At 481 pages, the new blood pressure guidelines formulated by the American Heart Association and the American College of Cardiology are being discussed a lot — but read infrequently. Many news reports are simply rehashing the old Puritanical admonition, "avoid everything pleasurable." Since that's not what the research recommends, it's important to know what's both real and new in the guidelines — for your health and your happiness.
In CFS and fibromyalgia, low blood pressure is the bigger problem, and when high blood pressure is present I look for sleep apnea or metabolic syndrome. But even those with low blood pressure may find this article helpful (see "Autonomic Dysfunction in CFS and Fibromyalgia" to learn more about low blood pressure).
For those of you with high blood pressure, instead of focusing on medication changes that those affected might need to consider to meet the new guidelines, the report makes suggestions on how to reduce your blood pressure through lifestyle modifications. With that in mind, here's what you need to know:
Tip 1: Eat Less Salt? Take That Advice with, Well, a Grain of Salt
Although it plays a role, and decreasing salt intake is recommended, the benefits of salt restriction are modest. It only drops blood pressure an average of 3 mm. So don't overdo the heavily salted, processed foods, but feel free to use a normal amount of salt from the salt shaker.
Tip 2: Work Potassium into Your Menu
More important than salt restriction is that you increase your potassium intake, which is associated with a 5-10 mm drop in blood pressure. Include a generous amount of avocado in your salad. Serve coconut water or tomato/V-8 juice. Mix bananas in the dessert. All these foods are rich in potassium. Perhaps the new expression should be "a banana a day keeps the doctor away!"
Tip 3: Jettison the Margarine!
Instead, go "Mediterranean" and favor the olive oil.
Tip 4: Enjoy Your Caffeine
Coffee and tea anyone? Absolutely! Having a cup or two a day does not increase blood pressure long term.
Tip 5: Eggs Aren't the Nemesis They Used to Be
Research shows that having a few eggs each day does not increase the risk of heart disease, or raise cholesterol. So enjoy your morning E&B (with or without the B).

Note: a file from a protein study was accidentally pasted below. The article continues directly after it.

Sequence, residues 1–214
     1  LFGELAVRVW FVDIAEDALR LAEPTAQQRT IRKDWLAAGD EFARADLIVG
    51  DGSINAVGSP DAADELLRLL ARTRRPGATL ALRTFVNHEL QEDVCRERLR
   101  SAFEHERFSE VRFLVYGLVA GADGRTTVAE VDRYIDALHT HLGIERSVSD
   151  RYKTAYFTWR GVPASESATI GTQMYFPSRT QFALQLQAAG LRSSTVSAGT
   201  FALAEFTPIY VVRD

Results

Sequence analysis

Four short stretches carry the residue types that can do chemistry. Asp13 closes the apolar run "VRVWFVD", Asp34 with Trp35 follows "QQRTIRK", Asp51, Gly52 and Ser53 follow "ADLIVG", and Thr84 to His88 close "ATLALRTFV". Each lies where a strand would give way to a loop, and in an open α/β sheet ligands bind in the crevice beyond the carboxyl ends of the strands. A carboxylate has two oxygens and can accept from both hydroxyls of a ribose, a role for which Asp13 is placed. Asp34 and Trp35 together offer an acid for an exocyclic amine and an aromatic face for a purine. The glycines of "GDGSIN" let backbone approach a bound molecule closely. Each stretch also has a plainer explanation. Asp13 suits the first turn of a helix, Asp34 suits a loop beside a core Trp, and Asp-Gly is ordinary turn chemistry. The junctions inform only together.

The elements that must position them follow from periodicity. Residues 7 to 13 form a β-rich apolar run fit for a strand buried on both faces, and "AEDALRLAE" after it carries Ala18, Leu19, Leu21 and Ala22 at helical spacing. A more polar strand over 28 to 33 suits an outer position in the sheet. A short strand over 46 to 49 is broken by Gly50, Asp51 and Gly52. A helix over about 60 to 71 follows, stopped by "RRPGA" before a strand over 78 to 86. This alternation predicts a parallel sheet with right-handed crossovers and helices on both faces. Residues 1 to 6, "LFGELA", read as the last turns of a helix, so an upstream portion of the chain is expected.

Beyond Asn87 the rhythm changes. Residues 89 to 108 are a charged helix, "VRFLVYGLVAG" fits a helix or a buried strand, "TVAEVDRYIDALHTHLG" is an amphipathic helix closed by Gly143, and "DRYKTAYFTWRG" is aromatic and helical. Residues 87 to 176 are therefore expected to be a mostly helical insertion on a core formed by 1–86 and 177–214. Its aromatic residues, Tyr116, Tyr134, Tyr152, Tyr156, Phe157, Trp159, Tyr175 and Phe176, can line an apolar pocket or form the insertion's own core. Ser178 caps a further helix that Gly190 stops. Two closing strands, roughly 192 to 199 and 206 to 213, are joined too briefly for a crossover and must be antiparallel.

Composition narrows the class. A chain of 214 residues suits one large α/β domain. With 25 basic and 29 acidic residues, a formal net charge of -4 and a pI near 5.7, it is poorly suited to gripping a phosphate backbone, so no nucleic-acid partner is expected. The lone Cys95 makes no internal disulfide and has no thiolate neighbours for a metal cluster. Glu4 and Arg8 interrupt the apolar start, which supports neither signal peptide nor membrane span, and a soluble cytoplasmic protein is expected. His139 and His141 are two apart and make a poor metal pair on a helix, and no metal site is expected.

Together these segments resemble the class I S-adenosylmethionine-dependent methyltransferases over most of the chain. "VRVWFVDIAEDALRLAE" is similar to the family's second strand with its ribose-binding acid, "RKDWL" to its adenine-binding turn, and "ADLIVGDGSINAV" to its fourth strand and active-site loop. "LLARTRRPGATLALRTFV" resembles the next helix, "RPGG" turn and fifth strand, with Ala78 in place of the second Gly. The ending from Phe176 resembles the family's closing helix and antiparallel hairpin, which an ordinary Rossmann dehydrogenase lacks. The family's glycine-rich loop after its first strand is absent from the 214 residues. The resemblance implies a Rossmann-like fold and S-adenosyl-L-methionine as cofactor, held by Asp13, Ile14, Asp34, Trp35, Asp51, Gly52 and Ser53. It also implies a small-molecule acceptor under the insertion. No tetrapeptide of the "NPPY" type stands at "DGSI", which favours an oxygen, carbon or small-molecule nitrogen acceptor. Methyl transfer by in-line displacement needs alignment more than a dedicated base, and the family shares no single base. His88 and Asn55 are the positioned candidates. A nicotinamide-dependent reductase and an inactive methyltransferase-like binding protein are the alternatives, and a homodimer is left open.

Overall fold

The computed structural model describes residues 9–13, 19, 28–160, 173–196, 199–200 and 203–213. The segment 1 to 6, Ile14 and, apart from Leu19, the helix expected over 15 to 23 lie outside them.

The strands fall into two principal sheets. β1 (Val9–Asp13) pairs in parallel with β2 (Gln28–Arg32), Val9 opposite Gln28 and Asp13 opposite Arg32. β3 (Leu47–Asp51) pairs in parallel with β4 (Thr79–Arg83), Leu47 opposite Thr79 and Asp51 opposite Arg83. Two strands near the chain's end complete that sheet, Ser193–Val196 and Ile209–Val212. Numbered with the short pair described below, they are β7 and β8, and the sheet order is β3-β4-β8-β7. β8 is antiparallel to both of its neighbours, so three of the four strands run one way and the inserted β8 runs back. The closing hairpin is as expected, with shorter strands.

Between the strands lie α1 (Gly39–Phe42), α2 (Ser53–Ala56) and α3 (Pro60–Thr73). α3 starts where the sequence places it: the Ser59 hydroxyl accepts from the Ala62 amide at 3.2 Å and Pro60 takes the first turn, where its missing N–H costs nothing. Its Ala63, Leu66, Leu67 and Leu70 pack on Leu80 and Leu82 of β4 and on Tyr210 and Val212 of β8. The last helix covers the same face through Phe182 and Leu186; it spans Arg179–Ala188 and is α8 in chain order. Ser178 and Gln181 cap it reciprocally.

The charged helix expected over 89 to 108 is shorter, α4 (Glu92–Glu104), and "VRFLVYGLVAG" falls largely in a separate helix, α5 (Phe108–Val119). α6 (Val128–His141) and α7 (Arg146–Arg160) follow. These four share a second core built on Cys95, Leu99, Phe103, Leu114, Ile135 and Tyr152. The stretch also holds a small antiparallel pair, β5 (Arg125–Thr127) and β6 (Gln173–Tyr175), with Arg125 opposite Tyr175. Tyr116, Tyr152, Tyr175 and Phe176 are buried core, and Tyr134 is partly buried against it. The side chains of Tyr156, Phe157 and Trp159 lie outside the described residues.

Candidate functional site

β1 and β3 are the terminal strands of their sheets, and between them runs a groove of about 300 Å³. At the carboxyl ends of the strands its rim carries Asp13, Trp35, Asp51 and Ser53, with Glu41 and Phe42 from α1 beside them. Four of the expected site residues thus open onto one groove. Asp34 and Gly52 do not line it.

Tip 6: Wine Is Fine
A glass of wine with dinner? Yes please. In moderation of course (no more than two drinks a day on average). Alcohol actually prolongs life relative to being a teetotaler. However, drinking alcohol while your blood pressure is high can be problematic. So wait till your blood pressure is under 130/80.
Tip 7: Dessert Can Be Good for You!
Cut back the sugar because it increases the risk of metabolic syndrome, diabetes, and high blood pressure. Instead, enjoy some cocktails with whole fresh fruit (toss the canned ones with the syrup). Then drizzle some of the best-tasting chocolate you can find on it. In moderation, chocolate (especially dark chocolate) is actually a health food, and eating a small amount each day is associated with a whopping 57 percent lower risk of dying of heart attack.
Tip 8: Exercise, Even if Just a Walk
Along with weight loss, exercise is a key part of controlling blood pressure. Meanwhile, early data suggests that sunshine — which raises vitamin D — can also help lower blood pressure. So go for a walk in the sunshine before your Thanksgiving meal — and make a 30 to 60 minute walk part of your daily routine.
The Bottom Line
The new research shows that having low blood pressure is actually something we can live with, while still enjoying our lives. But since it's Thanksgiving, it's worth remembering what Mark Twain advised when he wrote: "Moderation in all things — including moderation!
Jacob Teitelbaum, M.D. is one of the world's leading integrative medical authorities on fibromyalgia and chronic fatigue. He is the lead author of eight research studies on their effective treatments, and has published numerous health & wellness books, including the bestseller on fibromyalgia From Fatigued to Fantastic! and The Fatigue and Fibromyalgia Solution. Dr. Teitelbaum is one of the most frequently quoted fibromyalgia experts in the world and appears often as a guest on news and talk shows nationwide including Good Morning America, The Dr. Oz Show, Oprah & Friends, CNN, and Fox News Health.